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Fractured is one movie that reminds me of the 2012 hit game Spec Ops The Line. The film brilliantly presents a story and then asks a simple question. “Did what you just watch really happen?”
The Netflix movie follows Ray Monore, an overwhelmed family man, who after having a terrible thanksgiving dinner with his in-laws, pulls into a gas station with his wife Joanne and his Daughter Peri. But when Peri suffers a terrible accident, Ray rushes his family to a nearby but suspicious Hospital seeking Help.
However, soon after the doctors send Peri for further testing, all records of the Monroe’s visit disappear, along with Peri and her mother. And it’s from here that Ray’s terrible day turns into a desperate race to find his family.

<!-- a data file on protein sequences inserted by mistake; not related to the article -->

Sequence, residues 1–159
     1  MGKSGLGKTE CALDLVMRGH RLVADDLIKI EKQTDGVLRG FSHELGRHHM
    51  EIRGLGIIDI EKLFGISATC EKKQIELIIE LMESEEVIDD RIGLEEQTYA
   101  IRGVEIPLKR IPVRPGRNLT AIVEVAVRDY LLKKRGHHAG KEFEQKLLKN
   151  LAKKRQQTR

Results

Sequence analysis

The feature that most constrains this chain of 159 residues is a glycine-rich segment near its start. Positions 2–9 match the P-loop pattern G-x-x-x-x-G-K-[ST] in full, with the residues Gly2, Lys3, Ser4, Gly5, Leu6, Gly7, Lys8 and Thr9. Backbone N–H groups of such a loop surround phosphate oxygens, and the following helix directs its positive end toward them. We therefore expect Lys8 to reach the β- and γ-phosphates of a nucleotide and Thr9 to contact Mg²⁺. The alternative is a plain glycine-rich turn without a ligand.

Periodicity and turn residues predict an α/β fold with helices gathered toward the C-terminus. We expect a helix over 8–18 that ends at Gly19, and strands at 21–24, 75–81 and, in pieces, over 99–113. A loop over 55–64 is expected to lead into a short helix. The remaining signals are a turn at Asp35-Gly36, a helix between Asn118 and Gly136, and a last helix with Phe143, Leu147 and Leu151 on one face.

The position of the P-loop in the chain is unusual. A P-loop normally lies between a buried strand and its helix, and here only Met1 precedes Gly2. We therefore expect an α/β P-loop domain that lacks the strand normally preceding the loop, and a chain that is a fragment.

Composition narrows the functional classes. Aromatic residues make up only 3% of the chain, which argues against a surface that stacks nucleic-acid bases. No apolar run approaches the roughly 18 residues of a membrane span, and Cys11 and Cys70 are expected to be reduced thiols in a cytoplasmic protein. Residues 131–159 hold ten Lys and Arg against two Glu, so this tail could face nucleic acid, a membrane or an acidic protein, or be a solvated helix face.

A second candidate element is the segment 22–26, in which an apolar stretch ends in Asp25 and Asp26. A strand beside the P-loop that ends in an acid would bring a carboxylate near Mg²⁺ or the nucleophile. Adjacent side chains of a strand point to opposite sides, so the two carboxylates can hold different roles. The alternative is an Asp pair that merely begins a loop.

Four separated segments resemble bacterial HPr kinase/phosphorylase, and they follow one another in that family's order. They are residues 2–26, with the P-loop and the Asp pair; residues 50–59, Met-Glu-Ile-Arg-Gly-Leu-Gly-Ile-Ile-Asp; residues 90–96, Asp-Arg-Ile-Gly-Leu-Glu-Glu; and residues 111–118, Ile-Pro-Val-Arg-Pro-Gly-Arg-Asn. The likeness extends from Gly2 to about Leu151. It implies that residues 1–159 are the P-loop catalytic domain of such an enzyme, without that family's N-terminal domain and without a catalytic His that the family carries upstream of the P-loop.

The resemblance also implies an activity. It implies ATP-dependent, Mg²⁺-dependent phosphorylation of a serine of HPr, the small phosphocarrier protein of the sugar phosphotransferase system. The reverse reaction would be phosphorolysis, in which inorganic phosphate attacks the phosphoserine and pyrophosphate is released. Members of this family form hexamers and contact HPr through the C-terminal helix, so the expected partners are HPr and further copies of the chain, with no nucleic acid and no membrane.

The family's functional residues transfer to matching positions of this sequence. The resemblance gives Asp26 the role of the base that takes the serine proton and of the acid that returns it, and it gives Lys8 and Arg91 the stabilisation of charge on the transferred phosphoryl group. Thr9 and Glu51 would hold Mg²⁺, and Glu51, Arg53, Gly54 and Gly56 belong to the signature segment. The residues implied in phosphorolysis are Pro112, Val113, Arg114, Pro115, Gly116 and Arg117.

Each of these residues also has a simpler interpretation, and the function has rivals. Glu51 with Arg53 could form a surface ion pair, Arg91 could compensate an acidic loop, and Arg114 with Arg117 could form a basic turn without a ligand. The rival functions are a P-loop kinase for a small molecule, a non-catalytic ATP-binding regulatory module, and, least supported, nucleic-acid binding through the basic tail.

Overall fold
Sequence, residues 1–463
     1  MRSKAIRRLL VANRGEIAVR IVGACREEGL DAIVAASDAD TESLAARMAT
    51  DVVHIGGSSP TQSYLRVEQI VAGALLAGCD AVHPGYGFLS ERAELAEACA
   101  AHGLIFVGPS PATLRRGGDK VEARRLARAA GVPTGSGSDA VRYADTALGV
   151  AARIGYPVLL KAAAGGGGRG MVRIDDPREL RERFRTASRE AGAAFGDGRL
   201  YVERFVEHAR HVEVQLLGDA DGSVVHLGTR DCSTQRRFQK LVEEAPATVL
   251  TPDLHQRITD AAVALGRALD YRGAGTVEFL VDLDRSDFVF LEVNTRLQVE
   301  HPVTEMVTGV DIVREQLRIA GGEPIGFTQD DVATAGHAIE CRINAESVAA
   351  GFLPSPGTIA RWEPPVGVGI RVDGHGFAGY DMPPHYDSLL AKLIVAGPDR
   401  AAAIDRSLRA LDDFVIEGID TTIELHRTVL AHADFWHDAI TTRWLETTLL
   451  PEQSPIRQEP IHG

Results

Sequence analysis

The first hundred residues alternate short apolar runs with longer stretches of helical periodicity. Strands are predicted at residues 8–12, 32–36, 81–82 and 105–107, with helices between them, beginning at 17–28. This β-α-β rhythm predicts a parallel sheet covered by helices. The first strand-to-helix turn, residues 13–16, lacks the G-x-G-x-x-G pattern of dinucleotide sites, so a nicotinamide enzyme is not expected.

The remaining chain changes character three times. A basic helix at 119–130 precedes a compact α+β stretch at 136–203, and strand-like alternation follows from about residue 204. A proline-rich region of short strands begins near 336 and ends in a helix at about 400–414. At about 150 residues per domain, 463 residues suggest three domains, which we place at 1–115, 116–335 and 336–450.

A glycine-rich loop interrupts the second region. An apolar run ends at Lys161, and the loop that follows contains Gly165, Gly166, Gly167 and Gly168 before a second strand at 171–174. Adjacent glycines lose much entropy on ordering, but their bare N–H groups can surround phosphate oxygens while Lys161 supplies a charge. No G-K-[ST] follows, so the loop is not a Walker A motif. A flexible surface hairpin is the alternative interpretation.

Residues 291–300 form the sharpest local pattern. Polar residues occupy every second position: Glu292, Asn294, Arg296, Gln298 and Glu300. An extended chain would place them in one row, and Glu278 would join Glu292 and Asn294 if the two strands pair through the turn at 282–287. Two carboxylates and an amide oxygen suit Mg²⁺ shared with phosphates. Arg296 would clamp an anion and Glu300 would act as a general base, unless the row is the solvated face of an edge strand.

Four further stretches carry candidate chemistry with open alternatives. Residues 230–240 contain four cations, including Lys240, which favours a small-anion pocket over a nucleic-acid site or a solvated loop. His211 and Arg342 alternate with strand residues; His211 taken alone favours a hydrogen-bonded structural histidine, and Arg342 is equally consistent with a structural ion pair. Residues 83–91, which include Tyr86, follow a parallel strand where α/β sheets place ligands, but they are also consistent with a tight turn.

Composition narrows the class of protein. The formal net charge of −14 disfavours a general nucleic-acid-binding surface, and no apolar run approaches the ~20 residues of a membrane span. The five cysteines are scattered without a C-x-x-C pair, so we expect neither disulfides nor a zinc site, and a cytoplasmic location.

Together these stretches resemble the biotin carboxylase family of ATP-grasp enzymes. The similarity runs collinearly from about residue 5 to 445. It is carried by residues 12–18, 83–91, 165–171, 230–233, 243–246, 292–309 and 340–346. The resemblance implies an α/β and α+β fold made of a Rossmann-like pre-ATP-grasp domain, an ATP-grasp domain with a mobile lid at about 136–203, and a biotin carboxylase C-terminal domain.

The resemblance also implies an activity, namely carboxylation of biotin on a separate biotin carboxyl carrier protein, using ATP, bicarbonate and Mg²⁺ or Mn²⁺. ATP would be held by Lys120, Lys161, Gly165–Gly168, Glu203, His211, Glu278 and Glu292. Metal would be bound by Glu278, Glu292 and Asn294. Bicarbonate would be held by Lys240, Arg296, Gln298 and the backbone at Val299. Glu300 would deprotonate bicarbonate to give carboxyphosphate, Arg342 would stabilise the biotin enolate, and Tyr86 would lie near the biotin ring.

What truly made Fractured enjoyable is how the movie never really gives the full picture until the very end. They’re holes in everyone’s story (including Ray’s). And with each new detail that comes to light, you’ll believe one story at first, but then later switch sides.
Don’t get me wrong, Fractured is not a perfect movie. At some points, it oversells the narrative. And veteran Cinephiles will quickly figure out what’s happening.
But one thing Fractured touches on is how we’ve all made mistakes. And at that moment, we wish we go back and correct it. But no matter how far we hide, we’re eventually dragged back to the awful reality of what we’ve done.
Fractured might not be one of the most mind-blowing movies of the year, but its story and concept build enough suspense to make it a decent watch on Netflix.
- Decent Story
- Interesting Concept
- Good Acting